For a job seeker or a anyone wanting to engage in the software industry it would be wrong to assert Java is dying, don't go there (it even an option to consider if you plan to join many reference companies). It is still a very sound option for at least one solid decade to go. I'm sure you'll continue having fun with Java!

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sunitk profile image
Sunit Katkar

Every programming language has its pros and cons and over time becomes suited for certain kind of development. No language replaces any other language ...

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mate3241 profile image
mate3241

Well, if we talk about a great enough time period, most languages will be replaced, at least at the general usage level.
I still hope that JS becomes the browser version of Java bytecode. Any day now!

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gklijs profile image
Gerard Klijs

For the browser we have been stuck on JS, or at least compiling to JS for a while now. With WASM there finally seems an alternative, although currently you still need a bit of JS.

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code2rithik profile image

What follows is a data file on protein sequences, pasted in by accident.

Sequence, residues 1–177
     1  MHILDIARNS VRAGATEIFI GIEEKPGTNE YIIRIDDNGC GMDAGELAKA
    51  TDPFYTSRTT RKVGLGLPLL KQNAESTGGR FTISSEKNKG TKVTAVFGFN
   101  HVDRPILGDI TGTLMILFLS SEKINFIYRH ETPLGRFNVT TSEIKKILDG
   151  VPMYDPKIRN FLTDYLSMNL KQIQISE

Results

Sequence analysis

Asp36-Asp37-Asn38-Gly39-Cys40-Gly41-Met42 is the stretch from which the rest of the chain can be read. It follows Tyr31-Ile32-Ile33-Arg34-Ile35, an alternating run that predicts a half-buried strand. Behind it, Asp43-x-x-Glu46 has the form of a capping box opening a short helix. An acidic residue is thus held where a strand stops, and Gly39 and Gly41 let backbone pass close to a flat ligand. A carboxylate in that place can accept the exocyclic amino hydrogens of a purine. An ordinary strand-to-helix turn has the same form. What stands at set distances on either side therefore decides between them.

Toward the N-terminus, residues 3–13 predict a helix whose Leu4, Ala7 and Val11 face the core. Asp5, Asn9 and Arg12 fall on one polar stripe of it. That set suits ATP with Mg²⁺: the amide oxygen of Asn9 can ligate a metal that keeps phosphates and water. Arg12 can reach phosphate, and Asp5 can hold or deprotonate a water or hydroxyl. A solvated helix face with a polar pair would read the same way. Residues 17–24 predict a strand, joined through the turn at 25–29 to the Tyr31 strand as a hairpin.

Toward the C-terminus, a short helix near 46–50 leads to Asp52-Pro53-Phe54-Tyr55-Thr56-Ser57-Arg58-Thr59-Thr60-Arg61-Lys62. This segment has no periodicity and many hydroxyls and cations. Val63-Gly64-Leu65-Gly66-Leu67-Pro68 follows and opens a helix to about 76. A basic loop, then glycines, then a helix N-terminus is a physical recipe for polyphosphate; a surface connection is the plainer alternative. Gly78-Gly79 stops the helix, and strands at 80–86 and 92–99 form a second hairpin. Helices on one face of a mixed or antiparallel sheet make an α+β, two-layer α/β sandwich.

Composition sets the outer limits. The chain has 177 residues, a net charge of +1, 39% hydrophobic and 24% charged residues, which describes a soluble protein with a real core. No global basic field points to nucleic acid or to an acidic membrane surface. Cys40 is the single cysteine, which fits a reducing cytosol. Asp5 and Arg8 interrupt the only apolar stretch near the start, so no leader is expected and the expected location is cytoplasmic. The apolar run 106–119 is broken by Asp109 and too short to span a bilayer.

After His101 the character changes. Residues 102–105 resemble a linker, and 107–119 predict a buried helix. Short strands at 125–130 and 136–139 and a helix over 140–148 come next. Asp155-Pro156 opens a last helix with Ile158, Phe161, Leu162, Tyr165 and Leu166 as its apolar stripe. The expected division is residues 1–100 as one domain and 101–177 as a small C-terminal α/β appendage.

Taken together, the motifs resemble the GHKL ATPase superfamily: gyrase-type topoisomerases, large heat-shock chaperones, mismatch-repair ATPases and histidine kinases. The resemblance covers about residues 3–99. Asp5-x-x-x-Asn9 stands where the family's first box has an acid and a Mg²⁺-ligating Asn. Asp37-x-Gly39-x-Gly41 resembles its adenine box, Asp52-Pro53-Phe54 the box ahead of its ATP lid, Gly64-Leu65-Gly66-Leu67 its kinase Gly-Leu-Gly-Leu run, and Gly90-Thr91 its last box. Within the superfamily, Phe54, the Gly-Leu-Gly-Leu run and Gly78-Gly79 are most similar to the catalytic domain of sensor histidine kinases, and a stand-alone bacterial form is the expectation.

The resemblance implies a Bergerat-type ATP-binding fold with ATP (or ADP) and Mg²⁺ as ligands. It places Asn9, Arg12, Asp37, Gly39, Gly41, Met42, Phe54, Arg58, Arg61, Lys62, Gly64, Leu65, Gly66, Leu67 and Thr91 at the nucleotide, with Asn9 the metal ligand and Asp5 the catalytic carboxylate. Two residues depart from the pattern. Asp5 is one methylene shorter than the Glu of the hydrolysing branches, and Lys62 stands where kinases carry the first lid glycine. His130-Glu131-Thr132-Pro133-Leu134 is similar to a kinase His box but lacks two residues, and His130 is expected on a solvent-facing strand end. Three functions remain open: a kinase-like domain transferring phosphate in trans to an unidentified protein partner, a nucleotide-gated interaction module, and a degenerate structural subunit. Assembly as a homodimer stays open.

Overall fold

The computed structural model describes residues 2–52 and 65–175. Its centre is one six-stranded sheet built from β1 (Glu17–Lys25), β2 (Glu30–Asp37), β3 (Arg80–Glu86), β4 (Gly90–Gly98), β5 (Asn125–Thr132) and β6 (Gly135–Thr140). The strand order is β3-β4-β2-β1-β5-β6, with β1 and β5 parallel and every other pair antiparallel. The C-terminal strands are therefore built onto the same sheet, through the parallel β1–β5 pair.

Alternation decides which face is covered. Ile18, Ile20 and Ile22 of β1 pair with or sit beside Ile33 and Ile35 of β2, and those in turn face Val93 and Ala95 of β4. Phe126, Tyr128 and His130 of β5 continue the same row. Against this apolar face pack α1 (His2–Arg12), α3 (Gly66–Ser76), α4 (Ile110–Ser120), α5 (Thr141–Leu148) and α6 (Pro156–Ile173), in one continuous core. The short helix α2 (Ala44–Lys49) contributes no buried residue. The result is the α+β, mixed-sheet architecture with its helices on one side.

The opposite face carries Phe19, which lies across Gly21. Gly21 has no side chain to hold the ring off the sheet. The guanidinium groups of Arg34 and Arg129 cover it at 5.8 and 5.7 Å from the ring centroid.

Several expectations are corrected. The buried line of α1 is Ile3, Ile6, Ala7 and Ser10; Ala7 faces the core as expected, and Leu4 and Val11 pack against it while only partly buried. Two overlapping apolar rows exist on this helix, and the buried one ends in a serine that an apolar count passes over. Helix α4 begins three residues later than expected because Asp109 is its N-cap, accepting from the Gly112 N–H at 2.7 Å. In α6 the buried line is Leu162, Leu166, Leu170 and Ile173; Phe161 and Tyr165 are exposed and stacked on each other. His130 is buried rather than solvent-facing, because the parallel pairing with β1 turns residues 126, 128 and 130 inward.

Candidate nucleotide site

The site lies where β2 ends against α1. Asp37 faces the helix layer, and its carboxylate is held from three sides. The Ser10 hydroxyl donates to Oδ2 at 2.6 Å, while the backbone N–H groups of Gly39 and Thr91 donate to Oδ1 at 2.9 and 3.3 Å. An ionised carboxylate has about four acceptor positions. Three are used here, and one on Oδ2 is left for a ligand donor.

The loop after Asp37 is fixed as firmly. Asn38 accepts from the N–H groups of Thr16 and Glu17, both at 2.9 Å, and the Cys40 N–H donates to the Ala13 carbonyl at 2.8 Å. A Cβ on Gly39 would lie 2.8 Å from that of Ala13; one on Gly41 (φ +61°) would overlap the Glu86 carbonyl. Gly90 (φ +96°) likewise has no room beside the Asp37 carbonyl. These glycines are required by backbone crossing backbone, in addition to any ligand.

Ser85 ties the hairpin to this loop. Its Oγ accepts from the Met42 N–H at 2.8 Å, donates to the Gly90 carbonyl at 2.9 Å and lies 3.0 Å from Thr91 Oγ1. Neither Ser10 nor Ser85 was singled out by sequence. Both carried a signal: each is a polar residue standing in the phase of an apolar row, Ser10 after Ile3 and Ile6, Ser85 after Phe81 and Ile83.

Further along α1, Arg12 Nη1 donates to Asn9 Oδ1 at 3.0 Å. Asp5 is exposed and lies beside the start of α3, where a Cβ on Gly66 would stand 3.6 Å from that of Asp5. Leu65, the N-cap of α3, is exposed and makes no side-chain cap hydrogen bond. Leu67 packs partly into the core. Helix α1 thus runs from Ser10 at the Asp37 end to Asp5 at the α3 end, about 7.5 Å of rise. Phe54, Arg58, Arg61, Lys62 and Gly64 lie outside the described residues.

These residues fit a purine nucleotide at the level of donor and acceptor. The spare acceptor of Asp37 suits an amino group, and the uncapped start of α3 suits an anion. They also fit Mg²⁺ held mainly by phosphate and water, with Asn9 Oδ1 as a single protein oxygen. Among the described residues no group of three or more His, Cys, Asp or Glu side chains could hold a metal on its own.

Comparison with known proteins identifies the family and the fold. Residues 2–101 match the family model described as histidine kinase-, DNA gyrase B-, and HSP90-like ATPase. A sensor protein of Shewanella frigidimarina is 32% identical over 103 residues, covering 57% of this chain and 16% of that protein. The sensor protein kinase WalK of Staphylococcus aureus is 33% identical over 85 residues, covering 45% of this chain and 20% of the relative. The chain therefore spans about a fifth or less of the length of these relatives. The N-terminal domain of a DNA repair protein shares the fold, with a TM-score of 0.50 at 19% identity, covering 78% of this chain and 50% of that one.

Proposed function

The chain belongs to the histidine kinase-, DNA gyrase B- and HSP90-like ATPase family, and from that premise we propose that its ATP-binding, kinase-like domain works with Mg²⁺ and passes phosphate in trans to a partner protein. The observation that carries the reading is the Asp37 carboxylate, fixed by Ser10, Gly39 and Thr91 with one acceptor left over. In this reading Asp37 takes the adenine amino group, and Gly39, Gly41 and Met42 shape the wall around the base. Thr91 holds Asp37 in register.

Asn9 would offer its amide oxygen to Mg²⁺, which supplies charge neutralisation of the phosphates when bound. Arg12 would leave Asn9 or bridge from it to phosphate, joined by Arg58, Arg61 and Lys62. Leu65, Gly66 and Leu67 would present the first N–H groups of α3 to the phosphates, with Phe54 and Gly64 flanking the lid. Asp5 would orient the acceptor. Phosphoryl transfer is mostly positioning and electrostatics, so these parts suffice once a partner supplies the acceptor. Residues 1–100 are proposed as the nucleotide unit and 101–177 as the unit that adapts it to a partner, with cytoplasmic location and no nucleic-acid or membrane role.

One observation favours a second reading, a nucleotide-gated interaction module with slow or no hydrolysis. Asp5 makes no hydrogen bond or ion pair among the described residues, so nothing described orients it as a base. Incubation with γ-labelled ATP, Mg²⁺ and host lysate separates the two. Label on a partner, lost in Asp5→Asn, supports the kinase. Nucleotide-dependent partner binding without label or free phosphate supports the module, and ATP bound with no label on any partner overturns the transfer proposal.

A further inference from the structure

Rithik Samanthula Author

Yes, I don't think Java is going to be replaced

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codingchili profile image
Robin Duda

Have you tried Kotlin?

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mi_native_nutt profile image
Mark Nuttall

In 2021 comparing languages especially in the arena that Java plays is not comparing the right thing. I will include kotlin in Java and any other jvm language that plays well with Java. The reason being is all of the quote on quote microservice Frameworks all of the libraries all of the years of development all of the companies using it to include Enterprises and companies like Netflix to include the humongous community. That is what any language has to overcome. I don't see any language of run time doing that or even coming close. I used lots of different languages over my 26 years of my professional software development experience

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alvarosc2 profile image